I cannot stress strongly enough that there is no difference of opinion between Minister Clement and the Prime Minister on this issue. Making the long-form census voluntary and putting an end to the unnecessary intrusion into personal privacy that comes with a mandatory long form is a positive change and one that our government will continue to support wholeheartedly.

Erik Waddell, communications director, Office of the Minister of Industry, Ottawa

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Jeffrey Simpson asserted that Finance Minister Jim Flaherty wrote to Prime Minister Stephen Harper to argue against changes to the long-form census process. This assertion has no basis in fact. No such letter exists. In fact, Mr. Flaherty has been in full support of the decision to make the long-form census voluntary.

Mike Storeshaw, communications director, Office of the Minister of Finance, Ottawa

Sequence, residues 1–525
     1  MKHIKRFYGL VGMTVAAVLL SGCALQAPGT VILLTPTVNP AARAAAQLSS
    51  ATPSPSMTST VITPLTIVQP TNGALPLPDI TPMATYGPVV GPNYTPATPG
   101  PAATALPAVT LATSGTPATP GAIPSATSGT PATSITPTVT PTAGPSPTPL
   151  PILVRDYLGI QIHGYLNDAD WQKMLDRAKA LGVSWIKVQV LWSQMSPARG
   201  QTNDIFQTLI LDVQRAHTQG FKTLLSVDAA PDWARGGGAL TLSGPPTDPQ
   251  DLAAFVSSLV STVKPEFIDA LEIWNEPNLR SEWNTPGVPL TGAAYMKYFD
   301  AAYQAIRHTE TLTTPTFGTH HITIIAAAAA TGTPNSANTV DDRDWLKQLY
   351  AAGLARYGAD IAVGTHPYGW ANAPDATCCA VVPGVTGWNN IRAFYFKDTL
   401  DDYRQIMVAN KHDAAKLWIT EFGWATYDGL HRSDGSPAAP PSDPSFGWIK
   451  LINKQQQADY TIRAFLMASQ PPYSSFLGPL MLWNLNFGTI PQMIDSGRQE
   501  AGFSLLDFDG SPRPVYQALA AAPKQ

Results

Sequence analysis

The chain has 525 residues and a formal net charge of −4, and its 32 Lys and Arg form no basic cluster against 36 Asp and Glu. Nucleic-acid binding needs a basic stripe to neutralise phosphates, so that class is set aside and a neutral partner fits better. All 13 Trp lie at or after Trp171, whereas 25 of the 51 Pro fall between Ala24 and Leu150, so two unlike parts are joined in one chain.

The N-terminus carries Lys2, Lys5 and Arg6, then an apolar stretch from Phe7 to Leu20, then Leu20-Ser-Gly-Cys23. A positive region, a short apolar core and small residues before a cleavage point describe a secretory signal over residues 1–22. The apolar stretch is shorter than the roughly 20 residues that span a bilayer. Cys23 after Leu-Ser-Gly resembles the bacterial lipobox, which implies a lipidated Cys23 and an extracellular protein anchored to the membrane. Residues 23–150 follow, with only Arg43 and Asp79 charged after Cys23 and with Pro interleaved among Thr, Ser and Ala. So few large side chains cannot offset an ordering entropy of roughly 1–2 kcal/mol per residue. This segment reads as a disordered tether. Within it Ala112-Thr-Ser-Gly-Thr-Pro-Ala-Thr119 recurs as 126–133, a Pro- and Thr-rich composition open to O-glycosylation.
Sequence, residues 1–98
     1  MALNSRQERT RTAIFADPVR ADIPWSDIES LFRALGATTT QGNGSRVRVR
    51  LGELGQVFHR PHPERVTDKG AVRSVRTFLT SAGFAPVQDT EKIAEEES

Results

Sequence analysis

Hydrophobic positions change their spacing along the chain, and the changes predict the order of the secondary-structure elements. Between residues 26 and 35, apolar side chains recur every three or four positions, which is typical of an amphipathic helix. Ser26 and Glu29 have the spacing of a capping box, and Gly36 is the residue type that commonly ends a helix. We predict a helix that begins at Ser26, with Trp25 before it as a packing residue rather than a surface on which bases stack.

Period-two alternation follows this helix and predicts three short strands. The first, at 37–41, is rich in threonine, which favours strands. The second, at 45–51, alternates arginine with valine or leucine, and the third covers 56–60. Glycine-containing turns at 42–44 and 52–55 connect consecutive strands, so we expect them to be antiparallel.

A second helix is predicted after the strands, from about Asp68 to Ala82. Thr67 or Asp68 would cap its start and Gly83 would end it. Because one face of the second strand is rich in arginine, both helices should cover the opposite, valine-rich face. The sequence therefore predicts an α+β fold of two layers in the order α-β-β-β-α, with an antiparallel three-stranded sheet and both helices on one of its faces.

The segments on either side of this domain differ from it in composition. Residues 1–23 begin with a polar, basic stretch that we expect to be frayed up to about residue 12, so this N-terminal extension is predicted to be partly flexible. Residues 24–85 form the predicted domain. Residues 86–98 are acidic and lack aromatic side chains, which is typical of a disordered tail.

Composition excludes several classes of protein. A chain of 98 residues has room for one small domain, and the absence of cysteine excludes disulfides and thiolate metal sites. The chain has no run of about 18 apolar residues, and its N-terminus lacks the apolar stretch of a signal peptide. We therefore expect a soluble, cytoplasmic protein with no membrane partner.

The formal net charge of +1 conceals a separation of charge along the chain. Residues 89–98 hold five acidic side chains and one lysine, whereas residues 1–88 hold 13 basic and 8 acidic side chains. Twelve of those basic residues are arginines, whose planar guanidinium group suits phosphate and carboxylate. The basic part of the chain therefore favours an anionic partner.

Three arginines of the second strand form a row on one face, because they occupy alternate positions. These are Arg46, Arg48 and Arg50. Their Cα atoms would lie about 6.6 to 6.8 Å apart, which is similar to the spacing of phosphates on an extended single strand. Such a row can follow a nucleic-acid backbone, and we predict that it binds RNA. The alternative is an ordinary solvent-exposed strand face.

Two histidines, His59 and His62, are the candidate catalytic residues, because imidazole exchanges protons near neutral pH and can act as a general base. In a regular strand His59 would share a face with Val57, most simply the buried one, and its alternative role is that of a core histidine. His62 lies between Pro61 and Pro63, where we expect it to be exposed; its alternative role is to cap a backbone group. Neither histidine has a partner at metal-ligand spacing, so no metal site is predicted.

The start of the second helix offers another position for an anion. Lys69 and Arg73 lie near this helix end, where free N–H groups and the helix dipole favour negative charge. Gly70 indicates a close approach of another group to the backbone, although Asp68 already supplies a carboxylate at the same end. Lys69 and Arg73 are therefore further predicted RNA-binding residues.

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Jeffrey Simpson points out how the termination of Statistics Canada's basic population study tool is disruptive and baseless. What's really interesting in Quebec is that everyone agrees - at least, judging by opinion polls. Labour/business, franco/anglo, socialist/capitalist, federalist/independentist, Catholic/Jewish/Protestant have all come out against the destruction of this continuous database reflecting our nation.

It's a striking unity of opinion in a society where consensus is almost impossible to find on most issues. Add to that the same consensus coming out of the Rest of Canada and one has to hand it to Stephen Harper. He sure knows how to bring Canadians together.

Michael Hendricks, Montreal

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If Stephen Harper hates "big government" so much, why doesn't he do what any self-respecting employee would do and quit?

Randy Park, Toronto